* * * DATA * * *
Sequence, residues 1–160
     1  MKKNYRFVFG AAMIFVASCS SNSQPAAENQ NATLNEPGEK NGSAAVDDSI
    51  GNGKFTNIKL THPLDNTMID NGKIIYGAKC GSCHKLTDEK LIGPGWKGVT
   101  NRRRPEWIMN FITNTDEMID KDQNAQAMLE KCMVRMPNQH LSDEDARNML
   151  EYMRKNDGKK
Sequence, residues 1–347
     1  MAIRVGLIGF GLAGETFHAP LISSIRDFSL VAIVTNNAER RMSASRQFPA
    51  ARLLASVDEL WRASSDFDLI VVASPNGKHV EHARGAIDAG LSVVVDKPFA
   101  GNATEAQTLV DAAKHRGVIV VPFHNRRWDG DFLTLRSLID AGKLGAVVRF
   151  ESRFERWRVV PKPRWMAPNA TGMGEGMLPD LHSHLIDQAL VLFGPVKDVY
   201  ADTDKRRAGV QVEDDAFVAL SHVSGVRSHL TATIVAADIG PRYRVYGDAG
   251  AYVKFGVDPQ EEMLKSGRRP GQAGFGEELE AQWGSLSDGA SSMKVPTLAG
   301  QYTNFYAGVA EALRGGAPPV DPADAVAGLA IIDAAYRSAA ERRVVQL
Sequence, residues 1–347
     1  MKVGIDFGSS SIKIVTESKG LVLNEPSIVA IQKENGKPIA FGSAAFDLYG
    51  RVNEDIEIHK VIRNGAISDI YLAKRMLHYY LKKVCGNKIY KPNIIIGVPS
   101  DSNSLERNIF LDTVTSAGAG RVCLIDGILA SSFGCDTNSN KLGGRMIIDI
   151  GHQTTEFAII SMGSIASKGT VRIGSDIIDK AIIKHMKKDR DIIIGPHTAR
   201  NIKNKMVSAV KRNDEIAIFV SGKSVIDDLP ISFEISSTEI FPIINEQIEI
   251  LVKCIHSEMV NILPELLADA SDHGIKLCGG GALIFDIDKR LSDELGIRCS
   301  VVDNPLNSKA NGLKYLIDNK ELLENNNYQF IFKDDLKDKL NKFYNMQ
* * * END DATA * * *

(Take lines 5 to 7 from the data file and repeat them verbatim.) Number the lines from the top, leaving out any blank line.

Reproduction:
   151  EYMRKNDGKK
Sequence, residues 1–347
     1  MAIRVGLIGF GLAGETFHAP LISSIRDFSL VAIVTNNAER RMSASRQFPA